I'd like to outline the negative and positive aspects of the story, in my humble point of view.
The negative aspects are as follows:
- I detest the term "infected." Computers in 2009 are not "infected." They are compromised by malware operated by a human with an objective. The malware is a tool; it is not the end goal. In the late 1990s I enjoyed defending networks because the activity I monitored was caused by a human, live on the Internet, whose very keystrokes I could watch. At the beginning of this decade I despaired as human action was drowned in a sea of malware that basically propagated but did little otherwise. Since the middle of the decade we have had the worst of both worlds; when I see malware I know there is a human acting through it for malicious purposes. I detest "infection" because the term implies we can apply some antiseptic to the wound to "clean it." In reality the malware's operator will fight back, resist "cleaning," and maintain persistence.
- Cue the "teenage hacker." I thought we were collectively making progress away from the pasty-faced teenager in the parental basement. It seems the popular consciousness has now moved to the pasty-faced teenager in Russia, courtesy of 14-year-old "Tempest" in the 60 Minutes video. Never mind the organized crime, foreign intelligence, and economic espionage angles. Two other groups are definitely going to be upset by this: Chinese hackers and insider threats. Actually, not hearing a word about the latter makes me feel happy inside.
- "I thought I had a good enough firewall." GROAN. Hearing people talk about their firewalls and anti-virus was disheartening. I almost thought Vint Cerf was going to spill the beans on the easiest way to avoid Conficker when he said the following:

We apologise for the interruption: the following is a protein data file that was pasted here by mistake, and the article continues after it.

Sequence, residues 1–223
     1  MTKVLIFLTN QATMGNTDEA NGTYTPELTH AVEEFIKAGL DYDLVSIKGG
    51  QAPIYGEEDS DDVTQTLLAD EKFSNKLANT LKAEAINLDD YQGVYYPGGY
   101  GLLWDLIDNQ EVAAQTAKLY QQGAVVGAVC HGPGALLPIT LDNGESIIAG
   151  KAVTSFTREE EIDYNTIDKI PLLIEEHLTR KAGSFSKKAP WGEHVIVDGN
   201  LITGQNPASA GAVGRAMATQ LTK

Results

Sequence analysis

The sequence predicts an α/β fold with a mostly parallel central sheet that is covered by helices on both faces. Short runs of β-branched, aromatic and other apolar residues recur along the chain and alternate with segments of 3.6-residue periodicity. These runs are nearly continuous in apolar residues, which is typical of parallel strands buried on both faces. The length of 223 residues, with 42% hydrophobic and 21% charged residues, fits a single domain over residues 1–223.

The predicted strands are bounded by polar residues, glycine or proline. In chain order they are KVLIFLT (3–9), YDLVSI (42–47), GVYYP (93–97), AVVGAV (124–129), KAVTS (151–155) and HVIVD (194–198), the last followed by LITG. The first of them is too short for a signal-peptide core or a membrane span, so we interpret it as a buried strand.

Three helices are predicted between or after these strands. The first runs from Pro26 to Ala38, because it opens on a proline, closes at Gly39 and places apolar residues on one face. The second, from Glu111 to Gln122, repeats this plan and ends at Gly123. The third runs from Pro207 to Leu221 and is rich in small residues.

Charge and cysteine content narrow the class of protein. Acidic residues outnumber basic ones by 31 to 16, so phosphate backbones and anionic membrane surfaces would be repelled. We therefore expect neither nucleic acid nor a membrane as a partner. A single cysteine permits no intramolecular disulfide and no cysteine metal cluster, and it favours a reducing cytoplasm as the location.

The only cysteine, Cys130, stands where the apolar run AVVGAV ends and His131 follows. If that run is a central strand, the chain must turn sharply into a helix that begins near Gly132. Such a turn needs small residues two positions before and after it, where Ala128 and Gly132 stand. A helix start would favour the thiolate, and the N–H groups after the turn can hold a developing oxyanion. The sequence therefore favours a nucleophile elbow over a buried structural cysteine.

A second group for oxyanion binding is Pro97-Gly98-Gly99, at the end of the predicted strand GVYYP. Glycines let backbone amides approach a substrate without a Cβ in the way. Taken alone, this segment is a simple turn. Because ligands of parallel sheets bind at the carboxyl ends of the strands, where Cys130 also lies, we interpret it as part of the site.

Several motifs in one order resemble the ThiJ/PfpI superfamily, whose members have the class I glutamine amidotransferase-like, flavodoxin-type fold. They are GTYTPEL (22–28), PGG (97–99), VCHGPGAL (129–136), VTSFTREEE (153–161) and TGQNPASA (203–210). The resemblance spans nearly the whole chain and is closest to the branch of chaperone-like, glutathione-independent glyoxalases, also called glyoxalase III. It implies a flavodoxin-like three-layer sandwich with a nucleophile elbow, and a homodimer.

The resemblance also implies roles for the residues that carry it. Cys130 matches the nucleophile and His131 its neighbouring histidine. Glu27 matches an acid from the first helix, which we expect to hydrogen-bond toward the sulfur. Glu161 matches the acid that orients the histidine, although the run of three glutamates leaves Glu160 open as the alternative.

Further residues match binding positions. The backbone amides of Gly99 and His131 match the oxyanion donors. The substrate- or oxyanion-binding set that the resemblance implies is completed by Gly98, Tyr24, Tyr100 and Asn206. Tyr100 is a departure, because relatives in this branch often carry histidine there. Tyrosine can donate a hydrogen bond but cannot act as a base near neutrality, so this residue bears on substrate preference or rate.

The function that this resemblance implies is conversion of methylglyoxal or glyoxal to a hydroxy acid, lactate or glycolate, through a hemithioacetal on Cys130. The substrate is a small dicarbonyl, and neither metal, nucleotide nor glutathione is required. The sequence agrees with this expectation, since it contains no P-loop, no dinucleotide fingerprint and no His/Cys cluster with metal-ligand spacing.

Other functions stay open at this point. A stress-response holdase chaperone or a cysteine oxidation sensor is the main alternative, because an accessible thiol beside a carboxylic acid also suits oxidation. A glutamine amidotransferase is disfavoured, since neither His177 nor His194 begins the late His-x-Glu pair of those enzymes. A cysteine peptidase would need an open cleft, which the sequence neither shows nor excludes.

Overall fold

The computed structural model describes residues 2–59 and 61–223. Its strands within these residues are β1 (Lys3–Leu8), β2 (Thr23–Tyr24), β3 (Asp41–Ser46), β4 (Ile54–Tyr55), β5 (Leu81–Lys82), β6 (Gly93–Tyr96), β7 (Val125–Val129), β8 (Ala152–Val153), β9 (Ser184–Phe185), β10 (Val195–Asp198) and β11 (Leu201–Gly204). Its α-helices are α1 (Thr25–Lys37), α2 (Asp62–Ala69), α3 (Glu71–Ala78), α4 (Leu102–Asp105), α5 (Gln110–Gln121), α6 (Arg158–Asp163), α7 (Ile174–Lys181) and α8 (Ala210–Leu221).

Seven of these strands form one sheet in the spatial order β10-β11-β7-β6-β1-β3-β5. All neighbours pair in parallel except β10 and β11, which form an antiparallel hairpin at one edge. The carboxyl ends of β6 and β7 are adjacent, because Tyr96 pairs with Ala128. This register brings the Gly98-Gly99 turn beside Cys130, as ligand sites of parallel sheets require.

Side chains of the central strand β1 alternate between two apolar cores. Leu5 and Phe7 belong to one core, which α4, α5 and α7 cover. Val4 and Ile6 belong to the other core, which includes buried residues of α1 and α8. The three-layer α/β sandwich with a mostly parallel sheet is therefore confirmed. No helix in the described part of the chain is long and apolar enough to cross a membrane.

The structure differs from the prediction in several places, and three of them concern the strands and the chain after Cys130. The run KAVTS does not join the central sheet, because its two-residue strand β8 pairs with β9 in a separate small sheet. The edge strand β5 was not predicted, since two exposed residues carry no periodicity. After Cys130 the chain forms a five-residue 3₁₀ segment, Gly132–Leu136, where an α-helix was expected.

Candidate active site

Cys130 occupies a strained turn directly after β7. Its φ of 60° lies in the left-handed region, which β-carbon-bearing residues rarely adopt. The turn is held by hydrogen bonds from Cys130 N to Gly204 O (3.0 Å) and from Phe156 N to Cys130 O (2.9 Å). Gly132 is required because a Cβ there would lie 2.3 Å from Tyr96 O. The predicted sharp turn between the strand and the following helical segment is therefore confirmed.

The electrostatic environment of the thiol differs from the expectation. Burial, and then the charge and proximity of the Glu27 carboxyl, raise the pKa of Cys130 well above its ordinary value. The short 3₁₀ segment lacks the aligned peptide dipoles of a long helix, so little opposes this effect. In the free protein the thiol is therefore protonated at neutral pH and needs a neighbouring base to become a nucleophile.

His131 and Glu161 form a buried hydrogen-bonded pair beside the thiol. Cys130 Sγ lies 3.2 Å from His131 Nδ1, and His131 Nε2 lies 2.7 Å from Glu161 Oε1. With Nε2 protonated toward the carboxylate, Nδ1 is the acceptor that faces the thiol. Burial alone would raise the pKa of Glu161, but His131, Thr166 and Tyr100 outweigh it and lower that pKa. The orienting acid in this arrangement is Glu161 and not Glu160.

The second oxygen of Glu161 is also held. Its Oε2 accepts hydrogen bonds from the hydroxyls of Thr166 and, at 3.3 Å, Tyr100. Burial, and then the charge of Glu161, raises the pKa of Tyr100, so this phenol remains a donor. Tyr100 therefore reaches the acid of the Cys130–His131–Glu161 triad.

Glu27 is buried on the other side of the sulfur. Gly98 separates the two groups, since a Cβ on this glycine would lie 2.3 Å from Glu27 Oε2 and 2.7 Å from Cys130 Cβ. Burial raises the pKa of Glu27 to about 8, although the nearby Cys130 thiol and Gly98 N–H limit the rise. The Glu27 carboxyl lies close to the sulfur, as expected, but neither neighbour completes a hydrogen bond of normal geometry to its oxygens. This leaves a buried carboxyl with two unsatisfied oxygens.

I’ve been on the Net ever since the Net started, and I haven’t had any of the bad problems that you’ve described," Cerf replied...
Because I don't use Windows! Say it Vint! Oh well.
The positive aspects are as follows:
- Hello security awareness. Stories like this wake people up to the problems we face every day. Sure Conficker is just the latest piece of malware, definitely not "one of the most dangerous threats ever," as said on TV. At the very least this story should enable a conversation between management and security operations.
- Client-side exploitation via socially-engineered and social network attacks were demonstrated. Good for Symantec to show that Morley Safer owns Leslie Stahl via Facebook. Better yet, 60 Minutes even used the term "owned"!
- Real consequences were demonstrated. I am very glad that Symantec showed just what an intruder can do to an owned computer. Keystroke logging, screen scraping, sensitive informatiomn retrieval, the works. They didn't even mention opening and closing the CD tray or activating the Webcam. That would have been cool, though.
Expect a few questions about this tomorrow at work!
Richard Bejtlich is teaching new classes in Europe and Las Vegas in 2009. Online Europe registration ends by 1 Apr, and seats are filling. Early Las Vegas registration ends 1 May.